In two weeks since open sourcing FoundationDB, we've had an outpouring of interest.
Over 100 new topics have been opened on the community forums, 7400+ developers have starred the project on GitHub, and we've seen numerous code contributions from developers who are exploring FoundationDB for the first time. Thank you to all who have installed FoundationDB, contributed, and engaged in our community.
Coinciding with the release announcement, several long-time adopters have also blogged about their experiences with the project, including Wavefront and Snowflake:
- Wavefront by VMware’s Ongoing Commitment to the FoundationDB Open Source Project
- How FoundationDB Powers Snowflake Metadata Forward
We believe in, and want to build a strong community to help support and develop the project. We're thrilled by this early participation.
Early activity in the ecosystem
FoundationDB is a multi-model system, enabling different layers to extend the core key-value store for different uses. One of the things we're most excited to see is development outside of the core, with the community extending the project in new ways.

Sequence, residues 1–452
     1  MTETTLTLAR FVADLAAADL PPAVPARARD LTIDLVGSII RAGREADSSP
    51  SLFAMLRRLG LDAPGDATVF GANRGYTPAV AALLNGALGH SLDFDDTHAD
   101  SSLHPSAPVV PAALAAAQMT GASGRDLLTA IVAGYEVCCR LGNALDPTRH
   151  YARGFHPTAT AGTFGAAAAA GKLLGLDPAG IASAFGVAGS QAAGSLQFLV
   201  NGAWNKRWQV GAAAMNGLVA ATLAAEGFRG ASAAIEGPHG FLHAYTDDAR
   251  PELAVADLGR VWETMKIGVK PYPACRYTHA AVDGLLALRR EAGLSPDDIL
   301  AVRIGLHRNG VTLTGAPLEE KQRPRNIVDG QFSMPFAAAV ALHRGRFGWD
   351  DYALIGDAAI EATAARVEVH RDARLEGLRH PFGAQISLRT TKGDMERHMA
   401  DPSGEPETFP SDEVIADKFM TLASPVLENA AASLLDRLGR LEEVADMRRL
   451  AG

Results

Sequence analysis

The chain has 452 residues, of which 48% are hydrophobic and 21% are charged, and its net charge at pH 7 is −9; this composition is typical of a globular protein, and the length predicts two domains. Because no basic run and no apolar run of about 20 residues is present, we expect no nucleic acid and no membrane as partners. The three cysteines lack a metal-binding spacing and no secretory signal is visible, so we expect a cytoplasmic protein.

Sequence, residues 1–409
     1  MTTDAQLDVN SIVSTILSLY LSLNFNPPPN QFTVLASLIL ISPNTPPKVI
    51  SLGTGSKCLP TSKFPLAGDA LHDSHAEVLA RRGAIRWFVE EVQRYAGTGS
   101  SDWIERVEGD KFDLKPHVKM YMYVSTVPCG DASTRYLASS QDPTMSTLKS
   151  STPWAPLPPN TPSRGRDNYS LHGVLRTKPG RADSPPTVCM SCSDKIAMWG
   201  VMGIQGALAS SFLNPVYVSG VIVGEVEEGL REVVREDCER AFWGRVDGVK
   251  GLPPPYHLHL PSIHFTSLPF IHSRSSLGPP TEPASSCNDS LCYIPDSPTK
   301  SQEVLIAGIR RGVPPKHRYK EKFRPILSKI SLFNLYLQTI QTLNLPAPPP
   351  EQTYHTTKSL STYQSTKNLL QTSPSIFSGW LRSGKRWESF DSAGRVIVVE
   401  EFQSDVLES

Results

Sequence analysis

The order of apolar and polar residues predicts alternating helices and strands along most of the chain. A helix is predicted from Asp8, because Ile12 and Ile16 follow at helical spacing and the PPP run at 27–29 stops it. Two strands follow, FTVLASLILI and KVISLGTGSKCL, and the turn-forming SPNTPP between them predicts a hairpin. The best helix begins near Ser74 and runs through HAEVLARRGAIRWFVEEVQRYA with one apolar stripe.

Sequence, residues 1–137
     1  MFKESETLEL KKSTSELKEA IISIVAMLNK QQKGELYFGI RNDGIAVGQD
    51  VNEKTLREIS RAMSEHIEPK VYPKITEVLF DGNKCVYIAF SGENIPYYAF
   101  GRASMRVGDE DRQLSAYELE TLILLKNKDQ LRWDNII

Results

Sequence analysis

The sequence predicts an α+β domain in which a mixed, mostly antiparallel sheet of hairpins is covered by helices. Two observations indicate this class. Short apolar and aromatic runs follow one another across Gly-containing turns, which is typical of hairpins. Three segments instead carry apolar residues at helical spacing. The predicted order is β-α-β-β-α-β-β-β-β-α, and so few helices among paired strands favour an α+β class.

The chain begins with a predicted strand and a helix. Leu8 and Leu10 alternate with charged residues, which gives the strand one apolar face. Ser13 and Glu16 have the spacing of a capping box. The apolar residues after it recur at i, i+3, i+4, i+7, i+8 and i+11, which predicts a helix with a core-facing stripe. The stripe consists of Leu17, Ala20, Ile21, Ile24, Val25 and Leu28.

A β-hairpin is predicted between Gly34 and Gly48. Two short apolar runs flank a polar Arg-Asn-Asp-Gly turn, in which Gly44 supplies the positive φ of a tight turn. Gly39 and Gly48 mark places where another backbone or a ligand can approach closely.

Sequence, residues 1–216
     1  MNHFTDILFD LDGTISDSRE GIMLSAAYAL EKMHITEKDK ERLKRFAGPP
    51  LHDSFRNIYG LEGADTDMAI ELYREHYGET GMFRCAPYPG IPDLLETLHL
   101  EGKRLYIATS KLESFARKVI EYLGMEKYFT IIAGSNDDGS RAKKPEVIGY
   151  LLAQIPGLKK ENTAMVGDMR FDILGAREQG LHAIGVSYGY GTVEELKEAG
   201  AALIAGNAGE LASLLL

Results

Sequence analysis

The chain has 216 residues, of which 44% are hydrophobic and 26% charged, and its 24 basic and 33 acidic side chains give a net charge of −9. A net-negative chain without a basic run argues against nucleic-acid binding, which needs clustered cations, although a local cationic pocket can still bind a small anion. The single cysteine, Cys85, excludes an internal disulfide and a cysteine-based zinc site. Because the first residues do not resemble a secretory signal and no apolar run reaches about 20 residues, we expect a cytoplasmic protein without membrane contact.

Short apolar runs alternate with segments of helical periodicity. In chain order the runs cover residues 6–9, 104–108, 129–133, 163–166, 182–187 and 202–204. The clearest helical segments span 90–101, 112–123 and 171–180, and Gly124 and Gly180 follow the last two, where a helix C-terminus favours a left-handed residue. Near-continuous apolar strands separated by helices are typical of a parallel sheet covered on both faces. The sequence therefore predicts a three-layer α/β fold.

Since the initial open source release, we've seen several community-driven projects emerge. Here are a few worth checking out:
- JanusGraph is a distributed graph database. The development of a storage adapter enables it to be used with FoundationDB. See the forum post for more info.
- Two projects to implement a network block device, one in Python, the other in Java.
- Node.JS https://github.com/josephg/node-foundationdb
- PHP https://github.com/viest/PHP-FoundationDB
- C# / .NET bindings https://github.com/Doxense/foundationdb-dotnet-client
- Haskell https://github.com/thumphries/foundation
This is only the beginning, and we can't wait to see what you build with FoundationDB! Be sure to share your experience on the community forums.